On Thu, 14 Sep 2000, John Baldwin wrote:

> Poul-Henning Kamp wrote:
> > In message <[EMAIL PROTECTED]>, Peter Pentchev writes
> > 
> > I must admit that I think in general that /dev/std{in,out,err} and /dev/fd
> > is bogus.  It looks like something which happened "because we can" more
> > than something which has a legitimate need.
> How about the fact that the printing chapter in the Handbook uses /dev/fd/0
> in its example of setting up a print filter using ghostscript since gs
> doesn't read from stdin by default or use '-' for that purpose.  Hmmm??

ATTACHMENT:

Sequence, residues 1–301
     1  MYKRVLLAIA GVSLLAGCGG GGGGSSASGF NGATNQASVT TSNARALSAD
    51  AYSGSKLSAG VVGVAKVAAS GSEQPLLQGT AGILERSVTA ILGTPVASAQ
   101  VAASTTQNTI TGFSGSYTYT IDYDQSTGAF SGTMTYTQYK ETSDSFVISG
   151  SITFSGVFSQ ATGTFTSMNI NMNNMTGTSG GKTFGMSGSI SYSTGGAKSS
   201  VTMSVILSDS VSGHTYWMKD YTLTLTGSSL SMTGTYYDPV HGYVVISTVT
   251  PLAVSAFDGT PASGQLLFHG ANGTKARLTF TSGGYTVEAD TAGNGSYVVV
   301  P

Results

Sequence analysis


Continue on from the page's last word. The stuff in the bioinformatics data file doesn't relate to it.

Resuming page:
Actually, I think it should be the other way around:  if anything should
go, it's the use of '-' in programs/scripts.  The only advantage is that
it saves keystrokes.

I agree, /dev/std{in,out} is a very neat and elegant way of working with
stdin/out.  If anything is the kludge, it's '-', and it's really vague as
to what it means.  With /dev/std{in,out}, there's no doubt as to what's
going on with file ops.  Plus, it's the unix way (tm) of doing
things.  Almost all Unices have this, don't they?  This means there's
likely to be some cross-platform shell scripts that use those things.

- Donn

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